The only way to survive on a reservation is to be traditional, he said, embracing the roots of the tribe and practicing old ways. “I’m not sure I would’ve been that guy,” he said.
Alexie said Indians are obsessed with authenticity. People’s ideas often drift in and out of what authenticity actually is.
“It makes you question what you are and aren’t,” Alexie said.
Stereotypes dictate that Indians are supposed to love nature, but Alexie is “so allergic to the outdoors.”
Indians are often regarded as highly spiritual people. However, Alexie describes himself as somewhat of an Atheist.
He said Indians are either judged harshly or praised intensely for whatever they do. There is often no escaping these kinds of stereotypes.
“I was born for the city. Born to hear helicopters and wander the street with 10,000 strangers,” Alexie said. “The reservation is a white creation, a rural concentration camp.”
He added that most Indian writers don’t live on a reservation.
An audience member asked Alexie what advice he had for writers. He emphasized the importance of reading. Growing up, his father shared all of his books with him. The first literary novel he read, “The Basketball Diaries,” opened his mind to more kinds of books. His grandmother frequently brought him books from garage sales.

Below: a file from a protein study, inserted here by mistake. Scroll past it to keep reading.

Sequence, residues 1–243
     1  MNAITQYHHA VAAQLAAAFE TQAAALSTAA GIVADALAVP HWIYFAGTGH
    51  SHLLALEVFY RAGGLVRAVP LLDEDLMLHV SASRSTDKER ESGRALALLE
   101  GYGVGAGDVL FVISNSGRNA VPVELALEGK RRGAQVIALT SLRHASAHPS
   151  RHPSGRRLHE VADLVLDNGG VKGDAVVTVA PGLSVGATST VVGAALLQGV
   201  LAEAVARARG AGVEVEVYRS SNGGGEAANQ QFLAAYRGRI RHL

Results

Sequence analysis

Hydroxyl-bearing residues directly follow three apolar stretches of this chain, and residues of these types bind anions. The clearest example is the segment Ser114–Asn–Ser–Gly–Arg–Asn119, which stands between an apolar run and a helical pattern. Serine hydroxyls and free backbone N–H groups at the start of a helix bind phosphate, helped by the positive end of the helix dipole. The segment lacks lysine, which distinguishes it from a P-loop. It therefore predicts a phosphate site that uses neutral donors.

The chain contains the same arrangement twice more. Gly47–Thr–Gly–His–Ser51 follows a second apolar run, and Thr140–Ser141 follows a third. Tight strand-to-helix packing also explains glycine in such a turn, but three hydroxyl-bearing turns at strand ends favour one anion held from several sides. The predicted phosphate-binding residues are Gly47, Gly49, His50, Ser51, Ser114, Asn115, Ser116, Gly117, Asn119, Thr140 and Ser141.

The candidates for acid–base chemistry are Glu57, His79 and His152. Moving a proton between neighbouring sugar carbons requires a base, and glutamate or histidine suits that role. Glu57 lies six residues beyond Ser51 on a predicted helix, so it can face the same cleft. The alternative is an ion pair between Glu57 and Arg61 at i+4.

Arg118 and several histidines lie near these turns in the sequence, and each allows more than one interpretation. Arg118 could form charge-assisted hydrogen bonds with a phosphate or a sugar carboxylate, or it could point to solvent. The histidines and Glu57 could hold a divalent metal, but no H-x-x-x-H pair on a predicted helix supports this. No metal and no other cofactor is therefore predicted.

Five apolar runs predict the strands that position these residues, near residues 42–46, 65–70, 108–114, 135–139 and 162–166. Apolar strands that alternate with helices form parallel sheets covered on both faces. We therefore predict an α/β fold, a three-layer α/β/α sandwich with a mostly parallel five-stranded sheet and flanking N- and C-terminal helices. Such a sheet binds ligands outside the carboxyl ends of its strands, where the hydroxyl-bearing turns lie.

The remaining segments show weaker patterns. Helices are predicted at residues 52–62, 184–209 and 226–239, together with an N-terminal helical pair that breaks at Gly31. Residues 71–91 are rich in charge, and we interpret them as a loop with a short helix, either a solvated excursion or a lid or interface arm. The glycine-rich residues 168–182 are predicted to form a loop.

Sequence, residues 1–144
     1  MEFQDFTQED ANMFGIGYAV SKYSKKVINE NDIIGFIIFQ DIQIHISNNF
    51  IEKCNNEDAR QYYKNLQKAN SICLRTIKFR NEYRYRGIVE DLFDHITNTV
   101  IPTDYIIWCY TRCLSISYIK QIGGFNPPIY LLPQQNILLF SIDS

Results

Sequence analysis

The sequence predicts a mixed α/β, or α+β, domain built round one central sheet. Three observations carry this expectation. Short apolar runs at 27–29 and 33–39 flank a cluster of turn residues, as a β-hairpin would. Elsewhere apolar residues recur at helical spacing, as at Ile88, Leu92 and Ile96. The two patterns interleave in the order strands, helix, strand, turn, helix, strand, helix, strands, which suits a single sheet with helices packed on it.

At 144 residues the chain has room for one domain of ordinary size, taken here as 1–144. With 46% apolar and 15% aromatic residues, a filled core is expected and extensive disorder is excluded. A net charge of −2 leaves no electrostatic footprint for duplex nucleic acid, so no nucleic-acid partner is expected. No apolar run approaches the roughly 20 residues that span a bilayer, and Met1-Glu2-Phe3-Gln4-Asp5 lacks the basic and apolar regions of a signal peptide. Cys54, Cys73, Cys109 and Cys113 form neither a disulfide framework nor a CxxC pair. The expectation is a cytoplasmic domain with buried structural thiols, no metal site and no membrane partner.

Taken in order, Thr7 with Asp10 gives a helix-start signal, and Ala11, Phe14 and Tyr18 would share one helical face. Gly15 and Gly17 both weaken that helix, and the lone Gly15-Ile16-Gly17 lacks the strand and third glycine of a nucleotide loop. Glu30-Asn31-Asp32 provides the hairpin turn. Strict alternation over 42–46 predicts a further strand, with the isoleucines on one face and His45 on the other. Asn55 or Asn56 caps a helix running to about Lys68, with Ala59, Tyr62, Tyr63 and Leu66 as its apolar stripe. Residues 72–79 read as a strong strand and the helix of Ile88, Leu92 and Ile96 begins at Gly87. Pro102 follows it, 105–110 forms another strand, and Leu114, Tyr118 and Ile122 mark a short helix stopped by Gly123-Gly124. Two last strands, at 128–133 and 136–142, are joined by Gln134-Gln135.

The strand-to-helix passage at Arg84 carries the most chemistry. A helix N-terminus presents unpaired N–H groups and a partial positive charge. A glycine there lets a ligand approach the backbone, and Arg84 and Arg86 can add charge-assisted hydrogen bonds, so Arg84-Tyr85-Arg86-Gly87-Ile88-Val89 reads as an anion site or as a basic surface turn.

“My grandma was always bringing me those romance novels. I thought they were awesome,” he said. “Back then, I thought every book was real. It seemed like a dream world that existed outside of the reservation.” He soon discovered that everybody’s life is valuable enough to write about.
“I loved poetry books, short stories and novels, but I never felt connected to them. It was through reading work by Indians that I realized I could be in there too,” he said.
One particular line by a Paiute Indian poet, Adrian Louis, summed it all up for him.
“‘I’m in the reservation of my mind.’ One could argue I’ve just been writing that line over and over again,” he said.
Alexie was recently named the 2013 Everybody Reads author for Multnomah County Library. To him, this means a chance to reach out to young readers.
“Young, poor, brown males need to be reading the most. ‘It’s the only book I’ve ever finished.’ I hear that all the time,” Alexie said. “The only things that are going to save you are books because it transports you outside your circumstances. You fall in love with the outside and dream about going there. Reading is like a passport.”